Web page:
The program's funding of social science research for national security purposes has proven controversial.[8] Although many scholars support Minerva, at the program's start a number of academic researchers sounded public alarm about the prospect of Defense Department funding for research. In 2008 the American Anthropological Association sent a public letter suggesting that the funding be transferred to a different body, such as the National Science Foundation (NSF). Hugh Gusterson, a prominent anthropologist at George Mason University, wrote a series of articles in a variety of venues that have attracted significant attention,[9]

any attempt to centralize thinking about culture and terrorism under the Pentagon's roof will inevitably produce an intellectually shrunken outcome. ... The Pentagon will have the false comfort of believing that it has harnessed the best and the brightest minds, when in fact it will have only received a very limited slice of what the ivory tower has to offer—academics who have no problem taking Pentagon funds. Social scientists call this "selection bias," and it can lead to dangerous analytical errors.[10]

The journalist Nafeez Ahmed has expressed concern that Minerva research, in its effort to understand mass mobilization, may be targeting peaceful activists, NGOs and protest movements.[11] Others believe social science should continue to emphasize security issues but worry that DoD funding will bias findings. One article notes:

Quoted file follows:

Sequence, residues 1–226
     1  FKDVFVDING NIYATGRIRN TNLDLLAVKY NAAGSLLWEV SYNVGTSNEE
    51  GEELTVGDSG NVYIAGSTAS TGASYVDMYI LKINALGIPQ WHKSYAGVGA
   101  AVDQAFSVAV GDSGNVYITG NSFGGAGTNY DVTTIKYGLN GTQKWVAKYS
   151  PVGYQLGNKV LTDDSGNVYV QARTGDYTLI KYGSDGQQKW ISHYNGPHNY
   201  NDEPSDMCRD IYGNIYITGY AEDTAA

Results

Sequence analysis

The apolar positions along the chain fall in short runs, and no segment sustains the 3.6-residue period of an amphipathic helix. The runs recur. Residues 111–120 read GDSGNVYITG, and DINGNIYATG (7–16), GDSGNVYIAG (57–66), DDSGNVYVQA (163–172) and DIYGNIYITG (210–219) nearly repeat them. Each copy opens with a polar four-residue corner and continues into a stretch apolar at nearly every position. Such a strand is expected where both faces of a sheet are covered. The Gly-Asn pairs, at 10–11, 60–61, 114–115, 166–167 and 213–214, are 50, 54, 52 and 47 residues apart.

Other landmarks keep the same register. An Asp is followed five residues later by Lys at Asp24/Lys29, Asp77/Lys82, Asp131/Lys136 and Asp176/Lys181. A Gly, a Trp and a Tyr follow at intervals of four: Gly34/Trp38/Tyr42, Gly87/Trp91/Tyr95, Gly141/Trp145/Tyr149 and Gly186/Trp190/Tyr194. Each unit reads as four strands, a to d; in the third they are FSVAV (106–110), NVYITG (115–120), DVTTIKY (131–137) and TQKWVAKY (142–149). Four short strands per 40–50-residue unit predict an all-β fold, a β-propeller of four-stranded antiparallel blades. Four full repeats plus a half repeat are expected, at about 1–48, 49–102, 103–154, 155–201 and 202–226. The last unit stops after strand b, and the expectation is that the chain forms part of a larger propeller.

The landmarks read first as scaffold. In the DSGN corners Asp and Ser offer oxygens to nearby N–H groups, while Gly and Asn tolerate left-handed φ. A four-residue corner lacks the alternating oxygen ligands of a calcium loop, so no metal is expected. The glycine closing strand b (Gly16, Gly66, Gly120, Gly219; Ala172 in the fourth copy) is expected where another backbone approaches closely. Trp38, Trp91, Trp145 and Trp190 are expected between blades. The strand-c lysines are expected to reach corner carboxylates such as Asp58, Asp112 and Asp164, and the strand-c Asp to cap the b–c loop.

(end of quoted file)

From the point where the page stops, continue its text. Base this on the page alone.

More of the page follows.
In an incentive structure that rewards an emphasis on countering global threats and securing the homeland, the devil lies in the definitions. In this framework, the Boston Marathon bombing becomes a national security problem, whereas the Sandy Hook massacre remains a matter for the police and psychologists—a distinction that is both absurd as social science and troubling as public policy.[12]

See alsoEdit


  1. ^ Minerva Initiative, http://minerva.dtic.mil/ Archived 2009-02-11 at the Wayback Machine
  2. ^ "Archived copy". Archived from the original on 2009-02-11. Retrieved 2008-11-03.CS1 maint: archived copy as title (link)
  3. ^ https://www.nsf.gov/news/news_summ.jsp?cntn_id=112015
  4. ^ http://www.defense.gov/speeches/speech.aspx?speechid=1228
  5. ^ http://www.hstoday.us/briefings/industry-news/single-article/arizona-state-university-awarded-minerva-grant-to-research-terrorist-use-of-social-media/8ccb655066e27c7103573a96721f3bae.html
  6. ^ "Archived copy". Archived from the original on 2015-03-08. Retrieved 2008-11-03.CS1 maint: archived copy as title (link)
  7. ^ "Archived copy". Archived from the original on 2015-03-08. Retrieved 2008-11-03.CS1 maint: archived copy as title (link)
  8. ^ "The Minerva Controversy". Social Science Research Council. Retrieved May 17, 2015.
  9. ^ Gusterson, Hugh (July 21, 2008). "When Professors Go to War. Why the Ivory Tower and the Pentagon don't mix". Foreign Policy. Retrieved July 27, 2015.
  10. ^ Gusterson, Hugh (July 21, 2008). "When Professors Go to War. Why the Ivory Tower and the Pentagon don't mix". Foreign Policy. Retrieved July 27, 2015.
  11. ^ Ahmed, Nafeez (June 12, 2014). "Pentagon preparing for mass civil breakdown". The Guardian. Retrieved October 4, 2016.
  12. ^ Charles King. "The Decline of International Studies: Why Flying Blind Is Dangerous." Foreign Affairs, July/August 2015 issue. https://www.foreignaffairs.com/articles/united-states/2015-06-16/decline-international-studies

External linksEdit